Our neighbouring class 3 system is unoccupied and inactive, with twenty-one anomalies and twenty-four signatures. We could make some iskies here, if we had our Tengus, and there wasn't a stray wormhole opening in to the constellation. But there could still be shenanigans in other connected systems, and I help with scanning to look for wormholes. I find one, and only one, and that one even turns out to be at the end of its natural lifetime. I leave the static exit to low-sec alone, it not even giving me a new system to explore, and instead sit in C2a watching our ships come in and go out again.

Fin updates her clone in a high-sec station, and she and Aii haul out plenty of ore to be processed. I don't ask what happens to it next, but it's possible the minerals are returned to the tower for the next stage of Project Capitals. I like to leave some element of surprise in my w-space life. After a few round trips, the lazy drone of the wormhole jumps and lack of ambushes makes me sleepy. I make one last tour of C2a, checking both towers and finding them still empty, before letting my colleagues know I'm heading home to get some rest.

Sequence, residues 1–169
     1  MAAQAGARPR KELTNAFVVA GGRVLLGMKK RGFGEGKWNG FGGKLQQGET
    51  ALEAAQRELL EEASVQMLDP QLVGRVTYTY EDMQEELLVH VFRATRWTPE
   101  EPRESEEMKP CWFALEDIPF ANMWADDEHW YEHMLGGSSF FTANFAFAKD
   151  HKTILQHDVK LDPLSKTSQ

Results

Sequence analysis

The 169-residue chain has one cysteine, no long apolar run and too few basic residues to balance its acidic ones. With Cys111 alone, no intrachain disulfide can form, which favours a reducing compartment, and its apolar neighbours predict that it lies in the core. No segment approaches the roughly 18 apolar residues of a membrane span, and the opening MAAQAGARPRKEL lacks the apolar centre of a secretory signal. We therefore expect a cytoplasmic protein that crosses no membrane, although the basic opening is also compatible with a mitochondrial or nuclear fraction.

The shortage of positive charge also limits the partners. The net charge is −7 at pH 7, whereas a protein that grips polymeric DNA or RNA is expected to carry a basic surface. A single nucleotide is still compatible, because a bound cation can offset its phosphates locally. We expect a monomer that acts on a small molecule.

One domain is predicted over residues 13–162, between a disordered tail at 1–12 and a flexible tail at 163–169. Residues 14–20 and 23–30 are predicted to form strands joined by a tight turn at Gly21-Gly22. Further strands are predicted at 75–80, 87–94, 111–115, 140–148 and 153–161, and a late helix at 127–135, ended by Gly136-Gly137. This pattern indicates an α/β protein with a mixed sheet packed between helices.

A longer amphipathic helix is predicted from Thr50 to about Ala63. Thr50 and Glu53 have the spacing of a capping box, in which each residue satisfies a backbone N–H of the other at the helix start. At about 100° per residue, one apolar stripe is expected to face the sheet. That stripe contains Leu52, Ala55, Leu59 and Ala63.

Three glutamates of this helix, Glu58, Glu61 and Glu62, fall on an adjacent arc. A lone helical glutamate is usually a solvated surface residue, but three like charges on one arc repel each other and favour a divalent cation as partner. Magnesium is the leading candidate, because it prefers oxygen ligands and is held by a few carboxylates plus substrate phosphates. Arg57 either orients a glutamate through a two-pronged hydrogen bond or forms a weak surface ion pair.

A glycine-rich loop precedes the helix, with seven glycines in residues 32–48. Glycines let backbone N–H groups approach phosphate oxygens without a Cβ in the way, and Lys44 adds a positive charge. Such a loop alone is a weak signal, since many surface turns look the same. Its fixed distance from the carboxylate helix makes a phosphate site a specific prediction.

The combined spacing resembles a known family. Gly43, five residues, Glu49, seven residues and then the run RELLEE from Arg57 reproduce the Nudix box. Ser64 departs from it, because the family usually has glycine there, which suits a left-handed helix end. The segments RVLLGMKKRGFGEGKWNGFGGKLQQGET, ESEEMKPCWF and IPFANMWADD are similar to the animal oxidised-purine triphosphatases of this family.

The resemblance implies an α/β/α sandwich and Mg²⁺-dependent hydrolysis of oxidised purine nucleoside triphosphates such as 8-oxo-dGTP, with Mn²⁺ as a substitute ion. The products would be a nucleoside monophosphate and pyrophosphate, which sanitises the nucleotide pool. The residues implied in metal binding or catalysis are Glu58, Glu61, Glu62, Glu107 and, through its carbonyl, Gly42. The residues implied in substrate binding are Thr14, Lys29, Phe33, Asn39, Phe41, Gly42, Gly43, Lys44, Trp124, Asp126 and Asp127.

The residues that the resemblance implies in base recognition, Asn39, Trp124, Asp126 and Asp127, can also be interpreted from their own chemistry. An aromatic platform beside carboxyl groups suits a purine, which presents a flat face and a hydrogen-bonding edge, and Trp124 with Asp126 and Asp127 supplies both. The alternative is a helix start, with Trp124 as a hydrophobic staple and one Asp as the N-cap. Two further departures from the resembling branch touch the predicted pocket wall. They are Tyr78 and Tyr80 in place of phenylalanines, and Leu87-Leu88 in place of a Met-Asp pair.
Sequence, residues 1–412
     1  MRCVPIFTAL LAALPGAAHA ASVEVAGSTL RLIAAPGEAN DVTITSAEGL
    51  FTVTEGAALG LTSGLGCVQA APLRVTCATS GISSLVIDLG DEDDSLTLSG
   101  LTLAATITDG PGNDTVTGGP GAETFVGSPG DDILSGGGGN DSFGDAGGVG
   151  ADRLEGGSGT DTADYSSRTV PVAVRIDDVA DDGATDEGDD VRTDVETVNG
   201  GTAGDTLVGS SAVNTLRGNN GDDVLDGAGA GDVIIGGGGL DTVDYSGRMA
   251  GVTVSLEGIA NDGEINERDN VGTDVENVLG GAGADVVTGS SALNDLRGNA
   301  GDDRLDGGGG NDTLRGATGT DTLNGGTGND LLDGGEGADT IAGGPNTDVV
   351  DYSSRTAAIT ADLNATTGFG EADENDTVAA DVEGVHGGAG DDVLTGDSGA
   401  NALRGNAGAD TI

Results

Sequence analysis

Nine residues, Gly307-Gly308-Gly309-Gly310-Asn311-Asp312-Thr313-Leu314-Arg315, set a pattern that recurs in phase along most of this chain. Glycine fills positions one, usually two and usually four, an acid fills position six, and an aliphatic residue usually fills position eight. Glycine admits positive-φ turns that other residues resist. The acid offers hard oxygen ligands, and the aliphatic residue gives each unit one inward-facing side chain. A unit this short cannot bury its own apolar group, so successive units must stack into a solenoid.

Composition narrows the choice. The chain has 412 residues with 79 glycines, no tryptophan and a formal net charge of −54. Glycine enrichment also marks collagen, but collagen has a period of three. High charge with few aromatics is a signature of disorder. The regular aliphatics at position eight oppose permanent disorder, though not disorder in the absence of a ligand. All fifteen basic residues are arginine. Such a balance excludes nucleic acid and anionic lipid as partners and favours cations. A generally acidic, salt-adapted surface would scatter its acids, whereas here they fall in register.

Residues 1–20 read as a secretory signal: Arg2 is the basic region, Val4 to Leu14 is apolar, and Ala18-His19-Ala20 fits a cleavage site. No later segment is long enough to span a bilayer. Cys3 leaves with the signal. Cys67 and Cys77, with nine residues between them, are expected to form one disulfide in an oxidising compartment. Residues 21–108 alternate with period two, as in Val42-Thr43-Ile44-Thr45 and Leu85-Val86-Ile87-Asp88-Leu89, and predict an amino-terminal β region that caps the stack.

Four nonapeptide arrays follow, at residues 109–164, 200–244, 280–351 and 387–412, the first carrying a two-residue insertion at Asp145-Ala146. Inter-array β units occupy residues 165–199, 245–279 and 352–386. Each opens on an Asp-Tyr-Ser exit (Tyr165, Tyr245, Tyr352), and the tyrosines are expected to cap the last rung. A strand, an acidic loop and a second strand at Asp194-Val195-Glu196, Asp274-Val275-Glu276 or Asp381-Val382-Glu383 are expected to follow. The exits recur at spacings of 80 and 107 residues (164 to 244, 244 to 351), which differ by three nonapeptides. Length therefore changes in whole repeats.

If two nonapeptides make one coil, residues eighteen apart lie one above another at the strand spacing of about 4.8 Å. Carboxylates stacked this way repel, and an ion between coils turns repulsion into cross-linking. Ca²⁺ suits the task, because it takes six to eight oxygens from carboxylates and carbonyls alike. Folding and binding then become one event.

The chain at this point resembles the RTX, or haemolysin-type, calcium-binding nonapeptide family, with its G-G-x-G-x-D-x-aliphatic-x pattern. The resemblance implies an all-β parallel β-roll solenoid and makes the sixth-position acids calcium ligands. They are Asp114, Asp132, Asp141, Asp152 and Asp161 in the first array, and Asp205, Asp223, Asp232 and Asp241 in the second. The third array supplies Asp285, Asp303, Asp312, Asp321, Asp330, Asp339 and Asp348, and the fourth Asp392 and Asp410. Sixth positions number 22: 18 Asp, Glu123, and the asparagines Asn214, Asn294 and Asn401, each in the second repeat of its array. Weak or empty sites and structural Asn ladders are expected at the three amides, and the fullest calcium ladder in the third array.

1. 2 Responses to “Hauling ore”

  2. Pj,

    W-space is sounding more attractive (albeit deadly), the more I read your posts... and it reminds of reading the article (story...) that convinced me to New Eden about a journo who lost their destroyer to a player ambush (in hindsight a destroyer is nothing compared to a Tengu loss).

    I always look forward to reading more of your posts!


    By Renegade Fighter on Sep 12, 2012

  3. Thanks, Rene. W-space takes a bit of getting used to, but I find it to be a place I can comfortably call home, even with threat around every planet.

    By pjharvey on Sep 15, 2012